trying again

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Old 03-24-03, 01:46 PM
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stem

hi
i pulled the faucet handle off in the shower and there was a long? 3" rod that seems to fit into a stem-that stem or body is threaded into a brass fixture BUT this stem is round. i'm used to seeing a faucet on a sink where the stem is only a couple of inces and it has two sides you can put a wrench on to unscrew.
how do you unscrew this apparently round stem from the fixture it is in? do you think if i unscrew it, i will find a regular washer to just replace to stop the drip-all is in the wall. it is a kohler faucet.
thanx for your help
pete
 
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Old 03-25-03, 05:52 PM
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kohler shower faucet

hi
the stem appears to be round and threaded into a fixture inside the wall-how do i unscrew it? will a basin wrench cause damage or is there a better way?
pete
 
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Old 03-25-03, 08:19 PM
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Stem

In short, the basin wrench will cause more problems for your tile around the stems, they take up to much room getting in the wall and even more when you attempt to turn them. They make tools called tub wrenches (some call them stem wrenches) They just look like over sized sockets with a different size on each end. Most home centers ie. Home Depot. Lowes ect. will carry them and there a good thing to have around the house. (The smallest one can remove lawm mower spark plugs.) There not exspensive and will save you time and money. While your shopping, ask them about a seat wrench and how its used.
Good Luck
 
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Old 03-26-03, 08:04 AM
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tub/stem wrench

thanx richard for the tip, you anwered the puzzle for me.
pete
 
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Old 03-29-03, 01:05 PM
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kohler faucet again

hi
as advised i got some cowbells-had to cut tile and dig putty and wallboard to get to the nut-there are three handles =hot cold and diverter. i put the 31/32 socket on and it was a bit loose so i shimmed it with a long thin screw driver when i t tried to turn i had to use one of the other sockets to cheat with as it was tough to turn and the handle just bent-i then used a pipe wrench on the socket and it rounded out inside-that nut is tough!!
i need some direction -one idea i had was to get a deep socket 15/16 automotive so it won't strip and use a pipe wrench with a cheater pipe for leverage but i don't want to damage anything-is it a sound idea? the second thought was to take off the access panel behind it assuming i can get a wrench on the nut if i do-the panel is finished so it will mean some careful work but if that's what it takes i'll go for it. any help as always will be appreciated.
pete
 
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Old 03-30-03, 06:39 PM
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The real socket from the front would be the next thing to try... The panel from the back won't give you the access you are looking for... Of course, you would have to have the right size deep-well socket and it is usually measured in 32nd's but the 15/16 may fit... If so, it would be very difficult to damage the valve, and if it is that tough, it is time for a new valve anyway...
 
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Old 03-31-03, 05:01 AM
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right oid left

it's hard to get a look but i have had two people suggest it may be a left handed thread -do you have an opinion-i've usually thought of gas as left handed.
pete
 
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Old 04-01-03, 11:38 AM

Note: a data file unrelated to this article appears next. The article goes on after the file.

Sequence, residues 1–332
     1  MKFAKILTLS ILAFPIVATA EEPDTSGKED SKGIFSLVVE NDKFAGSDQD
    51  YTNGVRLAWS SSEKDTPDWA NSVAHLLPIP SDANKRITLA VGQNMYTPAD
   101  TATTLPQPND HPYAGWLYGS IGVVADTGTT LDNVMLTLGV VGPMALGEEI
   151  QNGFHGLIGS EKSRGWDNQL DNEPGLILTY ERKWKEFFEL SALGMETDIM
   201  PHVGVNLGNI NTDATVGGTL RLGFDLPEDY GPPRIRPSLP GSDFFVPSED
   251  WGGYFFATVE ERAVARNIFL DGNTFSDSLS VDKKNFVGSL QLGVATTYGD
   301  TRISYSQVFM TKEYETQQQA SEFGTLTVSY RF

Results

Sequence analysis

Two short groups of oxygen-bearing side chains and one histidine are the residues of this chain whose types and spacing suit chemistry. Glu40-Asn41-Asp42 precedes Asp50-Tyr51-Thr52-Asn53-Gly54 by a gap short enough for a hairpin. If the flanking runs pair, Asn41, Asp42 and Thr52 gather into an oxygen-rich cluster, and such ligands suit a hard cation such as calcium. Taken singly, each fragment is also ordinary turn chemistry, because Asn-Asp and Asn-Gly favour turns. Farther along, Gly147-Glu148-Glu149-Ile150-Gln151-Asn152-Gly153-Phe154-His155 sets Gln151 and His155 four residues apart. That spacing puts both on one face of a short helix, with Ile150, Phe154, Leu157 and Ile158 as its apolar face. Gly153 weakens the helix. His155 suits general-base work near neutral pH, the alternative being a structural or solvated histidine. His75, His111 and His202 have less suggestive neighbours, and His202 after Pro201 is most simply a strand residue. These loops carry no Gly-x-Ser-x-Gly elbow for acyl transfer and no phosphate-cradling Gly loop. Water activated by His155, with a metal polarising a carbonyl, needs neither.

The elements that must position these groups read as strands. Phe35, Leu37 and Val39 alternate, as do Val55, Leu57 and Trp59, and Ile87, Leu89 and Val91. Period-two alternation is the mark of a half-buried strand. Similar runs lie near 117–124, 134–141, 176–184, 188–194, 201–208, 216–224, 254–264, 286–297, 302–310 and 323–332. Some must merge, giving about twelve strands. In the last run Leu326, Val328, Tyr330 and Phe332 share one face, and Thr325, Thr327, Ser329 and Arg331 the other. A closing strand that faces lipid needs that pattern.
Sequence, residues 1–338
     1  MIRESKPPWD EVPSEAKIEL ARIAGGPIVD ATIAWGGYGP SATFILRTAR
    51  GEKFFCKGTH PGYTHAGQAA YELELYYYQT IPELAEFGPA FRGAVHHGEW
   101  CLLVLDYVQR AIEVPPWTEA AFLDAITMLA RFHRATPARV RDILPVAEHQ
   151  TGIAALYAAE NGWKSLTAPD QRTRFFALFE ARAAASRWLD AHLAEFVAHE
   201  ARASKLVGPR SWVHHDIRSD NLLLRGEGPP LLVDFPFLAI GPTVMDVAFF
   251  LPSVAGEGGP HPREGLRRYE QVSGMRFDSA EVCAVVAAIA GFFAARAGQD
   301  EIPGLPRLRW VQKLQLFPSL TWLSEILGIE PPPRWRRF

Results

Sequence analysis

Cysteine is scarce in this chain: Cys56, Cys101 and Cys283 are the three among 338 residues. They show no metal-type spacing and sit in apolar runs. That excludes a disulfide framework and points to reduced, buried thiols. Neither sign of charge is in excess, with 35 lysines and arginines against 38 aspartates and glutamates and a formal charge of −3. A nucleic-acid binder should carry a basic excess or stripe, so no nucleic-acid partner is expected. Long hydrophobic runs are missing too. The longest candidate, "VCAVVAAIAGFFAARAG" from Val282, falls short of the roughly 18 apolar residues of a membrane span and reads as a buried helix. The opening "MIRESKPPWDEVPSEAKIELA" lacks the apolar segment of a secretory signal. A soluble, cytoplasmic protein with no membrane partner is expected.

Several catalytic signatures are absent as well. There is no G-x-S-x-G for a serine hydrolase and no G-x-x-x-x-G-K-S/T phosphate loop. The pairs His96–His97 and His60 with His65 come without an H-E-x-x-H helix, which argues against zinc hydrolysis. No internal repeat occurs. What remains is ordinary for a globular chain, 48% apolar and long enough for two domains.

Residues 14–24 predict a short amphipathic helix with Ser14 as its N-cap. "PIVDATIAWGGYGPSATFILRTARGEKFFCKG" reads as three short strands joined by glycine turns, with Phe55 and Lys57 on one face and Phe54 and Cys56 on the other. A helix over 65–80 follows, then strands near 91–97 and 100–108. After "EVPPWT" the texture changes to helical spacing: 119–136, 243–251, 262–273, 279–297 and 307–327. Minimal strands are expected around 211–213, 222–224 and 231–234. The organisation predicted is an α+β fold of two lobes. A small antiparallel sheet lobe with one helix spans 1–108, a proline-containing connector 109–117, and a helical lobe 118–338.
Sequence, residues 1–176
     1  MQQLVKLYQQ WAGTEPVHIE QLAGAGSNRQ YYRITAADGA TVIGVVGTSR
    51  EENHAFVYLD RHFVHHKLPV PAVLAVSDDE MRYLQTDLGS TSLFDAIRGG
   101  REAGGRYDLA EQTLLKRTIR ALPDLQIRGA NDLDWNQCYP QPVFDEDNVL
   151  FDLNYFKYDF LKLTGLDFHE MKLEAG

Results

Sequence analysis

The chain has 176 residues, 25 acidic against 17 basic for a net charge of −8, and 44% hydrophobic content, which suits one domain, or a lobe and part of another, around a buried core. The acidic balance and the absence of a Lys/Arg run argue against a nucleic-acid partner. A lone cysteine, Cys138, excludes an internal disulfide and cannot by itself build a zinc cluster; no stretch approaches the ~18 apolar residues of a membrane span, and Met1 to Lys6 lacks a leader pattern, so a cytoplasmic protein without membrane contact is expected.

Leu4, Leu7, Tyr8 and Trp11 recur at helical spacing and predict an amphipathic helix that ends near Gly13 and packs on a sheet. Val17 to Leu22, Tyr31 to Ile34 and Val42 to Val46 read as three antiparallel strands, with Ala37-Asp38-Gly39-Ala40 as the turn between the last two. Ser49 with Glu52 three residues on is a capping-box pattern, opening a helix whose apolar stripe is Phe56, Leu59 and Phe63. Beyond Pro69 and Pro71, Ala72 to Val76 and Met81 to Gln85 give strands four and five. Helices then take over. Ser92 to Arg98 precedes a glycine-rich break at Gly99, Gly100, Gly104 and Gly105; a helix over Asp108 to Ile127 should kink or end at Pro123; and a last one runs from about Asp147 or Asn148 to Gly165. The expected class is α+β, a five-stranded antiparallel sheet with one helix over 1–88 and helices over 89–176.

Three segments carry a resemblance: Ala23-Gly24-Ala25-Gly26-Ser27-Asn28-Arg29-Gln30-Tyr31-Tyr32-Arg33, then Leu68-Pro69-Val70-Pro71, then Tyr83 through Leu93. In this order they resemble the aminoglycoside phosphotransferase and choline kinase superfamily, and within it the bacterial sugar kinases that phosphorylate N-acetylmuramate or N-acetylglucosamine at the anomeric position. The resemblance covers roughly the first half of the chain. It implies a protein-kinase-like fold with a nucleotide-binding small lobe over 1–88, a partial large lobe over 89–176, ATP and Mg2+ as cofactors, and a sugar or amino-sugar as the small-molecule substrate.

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retry

sorry to ask again but i'm stuck-i want to get a kohler shower stem out and kohler says it is a right hand thread. i tried a tub wrench or cowbell and it rounded out -i put it in a vise and squeezed it so it would fit but it did it again. i've caled plumber supply companies who said to use an automotive deep socket - i've been to pep boys, sears, advance auto and napa and noone knows the equivalent of the 31/32 which by the way was a bit loose when i put it on.
i tried a 15/16 which was too loose and the man let me return it.
does anyone know what size i should go to?
thank you
pete
 
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Old 04-01-03, 01:20 PM
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I believe you are going the wrong way on your math...30/32 = 15/16.
If the 15/16 was to loose the 31/32 is going to be looser.

Try a 7/8 deep socket, if that doesn't work a 23mm will be tighter or a 24mm will be looser.

15/16 = 30/32
24mm = 29/32
14/16 = 7/8
23 mm = 27/32
13/16
22 mm
11/16
 
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Old 04-01-03, 03:02 PM
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faucet

i appreciate your help-the tub wrench was 31/32 and a bit too loose, i then went to 30/32or 15/16, then 14/16 or 7/8 then 22mm also too big!
the puzzle is that if the cowbell at 31/32 is the closest fit and did grab till it rounded out, you would think something a little closer would be ok- but- as you can see this is not the case.the last three sockets i put on were too big.
thanx again for the try.
pete
 
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Old 04-01-03, 03:19 PM
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I hate when that happens!!!

I haven't messed with this stuff for quite some time, but it seems like the nut shouldn't be that big. If I remember correctly it should be around a 5/8 or 11/16. Let me ask a couple of questions and don't get upset......Are you sure you are going onto the first nut of the stem? This one is the stem packing nut, once removed you can unscrew the stem out of the fixture. Some fixtures have another nut right behind the stem nut that is a little bigger, a pain to get out and not usually needed to be removed anyhow. Second question..brace yourself....Are you turning the wrench in a counter-clockwise direction to loosen the nut?

I have had a few of these be a real pain to get off, but with the correct deep socket they usually came off fairly easily. Have had the same problem with the cowbell wrenchs, just to cheap to hold up to a little torque.
 
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Old 04-02-03, 08:11 AM